Recently, I’ve been seeing a lot of self-harm. During the pandemic, and now from the effects of the pandemic, there has been a lot of depression and risk of suicide. With time, I’m seeing more anxiety and self-harm. Students often don’t know how to manage their emotions. Self-harm is their coping strategy. It’s easier to think about negative coping strategies than positive ones. It’s quicker, you immediately feel relief, and so you end up resorting to that instead of trying positive methods, which they may not be aware of since they are not as popular in the media and other aspects of their life.

What are some positive coping strategies you help students develop?

Deep breathing exercises, art as a medium, going for a walk, exercising, creating positive self-talk … even writing on a sticker, “You’ve got this today!” can help shape your day and manage your emotions. Journaling is another great strategy. When students feel overwhelmed, I help them create a list—seeing it in writing makes it easier for them to understand how to shape their day—and understand time management.

You recently presented on self-harm at the Consortium, Internationals, and Outward Bound (CIOB) Schools counseling support meeting. Please tell us about it!

The meeting was for social workers and counselors to discuss building a culture of prevention and how to support students who are self-harming. I do presentations here at Pan American—it’s part of the work I do here as lead clinical coordinator. So when Tania Romero, supervisor of social workers at CIOB schools, needed speakers for the event, my colleague Karla Pina, a social worker on the school guidance team, said, “I thought of you immediately!” I said yes because I see so much of it [self-harm].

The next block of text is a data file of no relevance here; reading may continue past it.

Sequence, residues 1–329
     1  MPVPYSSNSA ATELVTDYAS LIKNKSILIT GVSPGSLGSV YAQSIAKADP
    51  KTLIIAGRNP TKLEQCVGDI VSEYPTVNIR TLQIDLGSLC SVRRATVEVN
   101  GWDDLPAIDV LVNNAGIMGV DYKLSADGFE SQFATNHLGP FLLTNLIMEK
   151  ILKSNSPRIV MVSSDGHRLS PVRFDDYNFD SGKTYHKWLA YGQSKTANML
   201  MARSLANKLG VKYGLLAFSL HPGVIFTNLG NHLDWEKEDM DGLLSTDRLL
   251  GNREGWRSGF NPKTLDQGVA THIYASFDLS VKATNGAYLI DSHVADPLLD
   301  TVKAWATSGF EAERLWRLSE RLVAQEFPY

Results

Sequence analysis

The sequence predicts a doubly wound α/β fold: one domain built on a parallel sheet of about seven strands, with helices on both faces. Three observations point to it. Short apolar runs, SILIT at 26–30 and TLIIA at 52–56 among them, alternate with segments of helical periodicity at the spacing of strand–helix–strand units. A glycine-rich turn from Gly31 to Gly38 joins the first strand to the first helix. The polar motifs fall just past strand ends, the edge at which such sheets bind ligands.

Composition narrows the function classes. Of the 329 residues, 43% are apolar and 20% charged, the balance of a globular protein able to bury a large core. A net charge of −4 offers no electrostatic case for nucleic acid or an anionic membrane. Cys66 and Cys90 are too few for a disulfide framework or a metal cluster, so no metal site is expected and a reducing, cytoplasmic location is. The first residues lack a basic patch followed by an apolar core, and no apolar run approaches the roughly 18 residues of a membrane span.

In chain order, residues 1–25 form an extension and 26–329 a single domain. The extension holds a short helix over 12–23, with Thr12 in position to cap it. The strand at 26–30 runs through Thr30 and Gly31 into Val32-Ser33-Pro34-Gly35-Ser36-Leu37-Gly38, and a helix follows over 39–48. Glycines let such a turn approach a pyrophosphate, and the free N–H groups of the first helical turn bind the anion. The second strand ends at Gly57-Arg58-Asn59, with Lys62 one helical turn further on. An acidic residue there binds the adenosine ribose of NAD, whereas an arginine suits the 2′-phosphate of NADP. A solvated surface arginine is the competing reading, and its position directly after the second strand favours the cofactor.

I think it went well. I was able to present to school social workers and guidance team members from more than 15 different schools in the NYC area, so that was very exciting. It was a great opportunity to talk about self-harm; there are a lot of myths and misunderstandings around it. For example, there is a myth that students who self-harm are suicidal, but that’s not always the case. Many don’t want to die; they are self-harming so as not to get to that point. They are more at risk to consider suicide, but they still have hope, which is important to highlight, and to work from.

Can you talk about a particularly memorable or rewarding experience as a social worker?

Of course, there’s Breinny! There is also a student I started working with when he was in 10th grade. He was from Colombia, from a town full of gang violence. When he came here, he had a survival mentality because of what he faced in his home country. His anxiety was very bad; he struggled to sit still and experienced panic attacks. He didn’t care about his classes or studying; he wanted to leave school and start working so he could help his grandma, still in Colombia, financially.